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Summary: "Witnesses" — it is that word which defines for Christ’s disciples their role and responsibility. We must not lose sight of the fact that the Holy Spirit came to equip the disciples to carry out their work of witness.

ACTS 1:8

“Ye shall be witnesses”

The Tomb of the Unknown Soldier in Arlington National Cemetery in Washington, DC, has a guard 24 hours a day. Every hour on the hour, 365 days a year, a new soldier reports for duty. When the new guard arrives, he receives his orders from the one who is leaving. The words are always the same: "Orders Remain Unchanged."

The same could be said of the orders that Jesus gave to His disciples. Just before He ascended to heaven, He told His followers, "Ye shall be witnesses unto Me both in Jerusalem, and in all Judea, and Samaria, and unto the uttermost part of the earth" (Acts 1:8).

In a definitive statement made moments before His ascension our Lord Jesus indicated to His disciples what their responsibility to Him was be during the period before His return to earth.

That statement has been recorded for us by Luke. In a day of confusion with regard to the Church’s task in society, our Lord’s mandate should be carefully considered and carried out by us who profess to be His disciples.

"Witnesses" — it is that word which defines for Christ’s disciples their role and responsibility. We must not lose sight of the fact that the Holy Spirit came to equip the disciples to carry out their work of witness.

These words unfold to us and impose on us, the final directions of the Son of God as what we are to do in His absence.

I. THE STRATEGY OF OUR WITNESSING

"Ye shall be witnesses unto Me." These words give us Christ’s plan for His people in their propagation of the Gospel.

It is not a mere bickering over words to stress that Christ did not say to His disciples, "Ye shall witness about Me." Rather, He said, "Ye shall be witnesses unto Me."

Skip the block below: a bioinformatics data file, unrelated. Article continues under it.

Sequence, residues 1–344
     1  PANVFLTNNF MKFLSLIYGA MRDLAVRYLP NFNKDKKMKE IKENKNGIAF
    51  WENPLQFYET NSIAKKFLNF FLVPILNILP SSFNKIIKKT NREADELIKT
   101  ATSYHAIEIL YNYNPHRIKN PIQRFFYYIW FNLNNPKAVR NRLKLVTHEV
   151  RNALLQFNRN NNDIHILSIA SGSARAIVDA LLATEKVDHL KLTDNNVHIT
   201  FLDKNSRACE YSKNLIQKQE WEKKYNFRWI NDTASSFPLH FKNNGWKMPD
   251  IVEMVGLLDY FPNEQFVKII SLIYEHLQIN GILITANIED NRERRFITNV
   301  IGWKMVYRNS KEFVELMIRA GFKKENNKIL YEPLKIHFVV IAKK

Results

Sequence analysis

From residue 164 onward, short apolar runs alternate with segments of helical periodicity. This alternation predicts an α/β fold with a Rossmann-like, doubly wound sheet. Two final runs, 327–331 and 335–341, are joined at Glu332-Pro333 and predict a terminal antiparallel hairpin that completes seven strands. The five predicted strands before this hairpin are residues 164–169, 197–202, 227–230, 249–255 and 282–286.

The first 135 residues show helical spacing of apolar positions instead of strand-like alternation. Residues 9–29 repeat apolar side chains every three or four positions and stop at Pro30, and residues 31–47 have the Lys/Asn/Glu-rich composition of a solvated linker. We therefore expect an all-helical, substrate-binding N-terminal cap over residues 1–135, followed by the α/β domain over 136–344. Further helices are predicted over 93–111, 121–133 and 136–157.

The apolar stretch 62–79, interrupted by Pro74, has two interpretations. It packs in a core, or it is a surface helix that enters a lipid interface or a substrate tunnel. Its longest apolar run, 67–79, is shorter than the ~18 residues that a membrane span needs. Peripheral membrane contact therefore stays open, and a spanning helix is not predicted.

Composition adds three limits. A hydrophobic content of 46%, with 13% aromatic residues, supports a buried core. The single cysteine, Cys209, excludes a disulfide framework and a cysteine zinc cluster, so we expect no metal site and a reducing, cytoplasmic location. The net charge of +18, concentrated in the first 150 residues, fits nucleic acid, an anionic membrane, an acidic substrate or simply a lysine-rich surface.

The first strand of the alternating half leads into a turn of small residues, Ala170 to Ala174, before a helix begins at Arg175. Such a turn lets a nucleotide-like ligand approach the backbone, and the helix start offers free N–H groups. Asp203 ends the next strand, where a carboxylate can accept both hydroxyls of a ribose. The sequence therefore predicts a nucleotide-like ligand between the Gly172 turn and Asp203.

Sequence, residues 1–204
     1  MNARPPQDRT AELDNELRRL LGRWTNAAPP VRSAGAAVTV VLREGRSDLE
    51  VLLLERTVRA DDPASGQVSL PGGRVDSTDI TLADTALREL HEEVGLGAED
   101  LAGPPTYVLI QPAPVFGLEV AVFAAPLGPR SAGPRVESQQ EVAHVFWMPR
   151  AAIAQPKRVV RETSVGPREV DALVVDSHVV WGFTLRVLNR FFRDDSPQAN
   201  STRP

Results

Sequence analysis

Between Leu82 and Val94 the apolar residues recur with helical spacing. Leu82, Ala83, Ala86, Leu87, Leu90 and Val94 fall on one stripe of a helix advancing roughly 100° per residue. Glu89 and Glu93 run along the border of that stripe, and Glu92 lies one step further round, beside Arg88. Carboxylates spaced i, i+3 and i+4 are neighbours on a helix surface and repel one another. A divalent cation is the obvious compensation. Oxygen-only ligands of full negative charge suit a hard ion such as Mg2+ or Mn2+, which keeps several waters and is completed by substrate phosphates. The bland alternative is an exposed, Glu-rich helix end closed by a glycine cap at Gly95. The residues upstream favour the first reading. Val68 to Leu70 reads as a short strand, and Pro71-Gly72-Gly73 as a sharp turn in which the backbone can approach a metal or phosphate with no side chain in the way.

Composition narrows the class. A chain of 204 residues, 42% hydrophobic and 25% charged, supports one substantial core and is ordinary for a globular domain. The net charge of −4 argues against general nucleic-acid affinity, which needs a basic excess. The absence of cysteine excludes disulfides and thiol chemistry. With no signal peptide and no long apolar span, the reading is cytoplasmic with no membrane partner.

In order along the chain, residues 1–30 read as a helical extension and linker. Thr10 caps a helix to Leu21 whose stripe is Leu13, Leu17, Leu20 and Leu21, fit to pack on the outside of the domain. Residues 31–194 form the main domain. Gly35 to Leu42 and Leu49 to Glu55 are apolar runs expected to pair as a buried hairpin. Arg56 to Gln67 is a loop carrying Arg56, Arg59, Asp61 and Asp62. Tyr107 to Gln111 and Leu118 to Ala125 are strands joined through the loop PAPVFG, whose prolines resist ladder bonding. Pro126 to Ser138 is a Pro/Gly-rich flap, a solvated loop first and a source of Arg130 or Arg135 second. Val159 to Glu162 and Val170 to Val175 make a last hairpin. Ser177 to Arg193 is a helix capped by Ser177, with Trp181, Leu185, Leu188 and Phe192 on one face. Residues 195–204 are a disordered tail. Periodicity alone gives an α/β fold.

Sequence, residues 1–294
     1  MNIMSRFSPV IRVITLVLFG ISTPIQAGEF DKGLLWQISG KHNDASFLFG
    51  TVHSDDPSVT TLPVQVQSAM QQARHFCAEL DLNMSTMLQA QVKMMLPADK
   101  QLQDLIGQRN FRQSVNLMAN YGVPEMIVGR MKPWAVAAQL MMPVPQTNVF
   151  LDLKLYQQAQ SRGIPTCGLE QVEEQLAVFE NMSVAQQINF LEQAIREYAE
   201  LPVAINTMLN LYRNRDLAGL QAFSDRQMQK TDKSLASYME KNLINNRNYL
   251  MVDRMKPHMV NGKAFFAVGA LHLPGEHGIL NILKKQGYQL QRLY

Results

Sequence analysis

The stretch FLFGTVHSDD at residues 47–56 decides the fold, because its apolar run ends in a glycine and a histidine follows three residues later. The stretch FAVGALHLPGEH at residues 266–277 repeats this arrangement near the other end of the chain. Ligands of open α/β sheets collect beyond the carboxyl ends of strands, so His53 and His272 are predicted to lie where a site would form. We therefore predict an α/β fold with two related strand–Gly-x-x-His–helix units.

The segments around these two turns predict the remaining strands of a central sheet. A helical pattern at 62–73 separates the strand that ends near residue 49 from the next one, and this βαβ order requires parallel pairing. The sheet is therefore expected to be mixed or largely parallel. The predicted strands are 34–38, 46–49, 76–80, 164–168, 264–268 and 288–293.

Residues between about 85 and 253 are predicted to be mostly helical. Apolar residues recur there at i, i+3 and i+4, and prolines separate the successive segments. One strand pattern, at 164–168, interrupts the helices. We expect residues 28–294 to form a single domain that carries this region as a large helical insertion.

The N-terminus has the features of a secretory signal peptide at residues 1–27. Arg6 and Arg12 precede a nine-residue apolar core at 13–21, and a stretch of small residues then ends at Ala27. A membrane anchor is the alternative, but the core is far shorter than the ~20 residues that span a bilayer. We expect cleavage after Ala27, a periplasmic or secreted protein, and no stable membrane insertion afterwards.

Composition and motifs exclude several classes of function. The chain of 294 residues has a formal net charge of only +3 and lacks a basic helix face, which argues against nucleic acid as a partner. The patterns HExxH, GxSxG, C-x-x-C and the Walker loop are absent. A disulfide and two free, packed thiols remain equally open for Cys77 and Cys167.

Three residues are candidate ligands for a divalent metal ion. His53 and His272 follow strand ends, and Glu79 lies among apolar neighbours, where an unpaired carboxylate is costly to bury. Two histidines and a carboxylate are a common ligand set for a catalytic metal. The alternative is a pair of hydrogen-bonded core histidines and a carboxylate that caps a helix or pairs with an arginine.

The distinction between these alternatives is just this: often we think of witnessing as involving only a verbal communication of the Gospel. But that is too limited a definition of Christian witnessing. Instead, we must grasp the fact that the Lord Jesus looked upon His disciples as My witnesses in every aspect and area of their lives. Of course, that involves and includes words, but it requires much more: it comprehends the believer’s entire life.

We are not seeking to get people to accept only a creed. We are not attempting to get people intellectually convinced of the superiority of Christianity. We are concerned to show that our faith is both relevant and related to all and every phase of a person’s life. All our life, our relationships, habits, and goals should be a witness unto Him. It is not just a matter of telling; it is a matter of living.

We want people to receive Christ as the Way as well as the Truth; as a result, in life we must demonstrate and declare our witness for Christ.

II. THE SUBJECT OF OUR WITNESSING

Christ indicated the strategy of our Christian witness. He also indicated the subject of our witness. "Ye shall be witnesses unto Me." Christ, then, is the One who delegates us to be witnesses, but Christ also is the subject of our witnessing.

We are not going to inform people as to who we are or what we do. The text doesn’t tell us to do that. In John’s Gospel 1:6-9, we see that John is a witness of the right kind. He came to bear witness of the Light and Jesus Christ is that Light. John isn’t attracting people to himself. He witnessed well. He spoke well of Christ

The secret of his good witness is found in, John 3:30 where he says, "He must increase, but I must decrease."

A young preacher was called to a church which was attended by quite a number of college and university professors. After he had preached for several months, he sat down and wrote a letter to his Christian father, telling him about the problems he was having with his ministry. He said he was beginning to get nervous, and that he was not going to be able to continue his ministry, and that his problems were caused by the attendance of the college professors. He said to his father, "When I am preaching on biology, I see the biology teacher to

front of me, and I wonder if my statements are correct When I preach on science, I see the science professor, and I wonder if I have made any mistakes in my statements." He continued in this line at some length, in his letter. Then he closed by saying, "Dad, I don’t know what I am going to do. I cannot continue on with the ministry. Have you any advice to give me?"

His dad wrote him a letter, and in it just said, "Preach Jesus Christ to that crowd in front of you. They likely don’t know much about Him."

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